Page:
Read more from letters from Roger Sherman and our other Founders at Online Library of Liberty
“While we are zealously performing the duties of good citizens and soldiers, we certainly ought not to be inattentive to the higher duties of religion. To the distinguished character of Patriot, it should be our highest glory to add the more distinguished character of Christian.”
—The Writings of Washington, pp. 342-343.
“The general principles, on which the Fathers achieved independence, were the only Principles in which that beautiful Assembly of young Gentlemen could Unite, and these Principles only could be intended by them in their address, or by me in my answer. And what were these general Principles? I answer, the general Principles of Christianity, in which all these Sects were United: And the general Principles of English and American Liberty, in which all those young Men United, and which had United all Parties in America, in Majorities sufficient to assert and maintain her Independence.
“Now I will avow, that I then believe, and now believe, that those general Principles of Christianity, are as eternal and immutable, as the Existence and Attributes of God; and that those Principles of Liberty, are as unalterable as human Nature and our terrestrial, mundane System.”
–Adams wrote this on June 28, 1813, excerpt from a letter to Thomas Jefferson.
3rd U.S. President, Drafter and Signer of the Declaration of Independence
“God who gave us life gave us liberty. And can the liberties of a nation be thought secure when we have removed their only firm basis, a conviction in the minds of the people that these liberties are of the Gift of God? That they are not to be violated but with His wrath? Indeed, I tremble for my country when I reflect that God is just; that His justice cannot sleep forever; That a revolution of the wheel of fortune, a change of situation, is among possible events; that it may become probable by Supernatural influence! The Almighty has no attribute which can take side with us in that event.”
—Notes on the State of Virginia, Query XVIII, p. 237.
1st Signer of the Declaration of Independence
“Resistance to tyranny becomes the Christian and social duty of each individual. … Continue steadfast and, with a proper sense of your dependence on God, nobly defend those rights which heaven gave, and no man ought to take from us.”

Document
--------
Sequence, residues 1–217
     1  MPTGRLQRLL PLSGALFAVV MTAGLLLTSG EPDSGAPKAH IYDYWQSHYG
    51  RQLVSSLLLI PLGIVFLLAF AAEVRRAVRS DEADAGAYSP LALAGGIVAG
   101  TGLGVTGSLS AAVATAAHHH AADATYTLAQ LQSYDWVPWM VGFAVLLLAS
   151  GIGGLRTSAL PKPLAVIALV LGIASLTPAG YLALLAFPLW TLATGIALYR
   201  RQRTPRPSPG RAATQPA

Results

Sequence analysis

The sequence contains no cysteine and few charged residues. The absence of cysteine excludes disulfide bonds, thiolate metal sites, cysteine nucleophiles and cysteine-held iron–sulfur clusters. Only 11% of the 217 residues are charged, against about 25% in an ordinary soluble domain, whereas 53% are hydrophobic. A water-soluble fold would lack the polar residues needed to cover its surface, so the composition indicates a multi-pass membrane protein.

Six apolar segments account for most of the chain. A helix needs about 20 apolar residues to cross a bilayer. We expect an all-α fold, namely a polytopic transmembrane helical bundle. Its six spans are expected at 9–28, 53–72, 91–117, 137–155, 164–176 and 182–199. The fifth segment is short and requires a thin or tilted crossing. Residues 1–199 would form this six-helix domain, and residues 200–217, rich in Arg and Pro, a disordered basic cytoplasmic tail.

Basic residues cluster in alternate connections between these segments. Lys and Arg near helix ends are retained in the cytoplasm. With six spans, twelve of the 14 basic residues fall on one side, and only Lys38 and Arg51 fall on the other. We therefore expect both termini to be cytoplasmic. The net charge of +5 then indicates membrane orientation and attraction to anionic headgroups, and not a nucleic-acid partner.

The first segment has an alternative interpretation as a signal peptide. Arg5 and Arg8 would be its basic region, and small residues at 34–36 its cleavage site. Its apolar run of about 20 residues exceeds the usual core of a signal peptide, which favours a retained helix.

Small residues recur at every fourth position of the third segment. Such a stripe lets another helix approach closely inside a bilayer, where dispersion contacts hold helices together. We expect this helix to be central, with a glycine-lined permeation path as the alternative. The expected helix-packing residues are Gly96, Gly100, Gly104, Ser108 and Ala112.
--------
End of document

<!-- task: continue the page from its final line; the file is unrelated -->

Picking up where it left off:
—History of the United States of America, Vol. II, p. 229.
“I believe that there is one only living and true God, existing in three persons, the Father, the Son, and the Holy Ghost, the same in substance equal in power and glory. That the scriptures of the old and new testaments are a revelation from God, and a complete rule to direct us how we may glorify and enjoy him. That God has foreordained whatsoever comes to pass, so as thereby he is not the author or approver of sin. That he creates all things, and preserves and governs all creatures and all their actions, in a manner perfectly consistent with the freedom of will in moral agents, and the usefulness of means. That he made man at first perfectly holy, that the first man sinned, and as he was the public head of his posterity, they all became sinners in consequence of his first transgression, are wholly indisposed to that which is good and inclined to evil, and on account of sin are liable to all the miseries of this life, to death, and to the pains of hell forever.
“I believe that God having elected some of mankind to eternal life, did send his own Son to become man, die in the room and stead of sinners and thus to lay a foundation for the offer of pardon and salvation to all mankind, so as all may be saved who are willing to accept the gospel offer: also by his special grace and spirit, to regenerate, sanctify and enable to persevere in holiness, all who shall be saved; and to procure in consequence of theirrepentance and faith in himself their justification by virtue of his atonement as the only meritorious cause.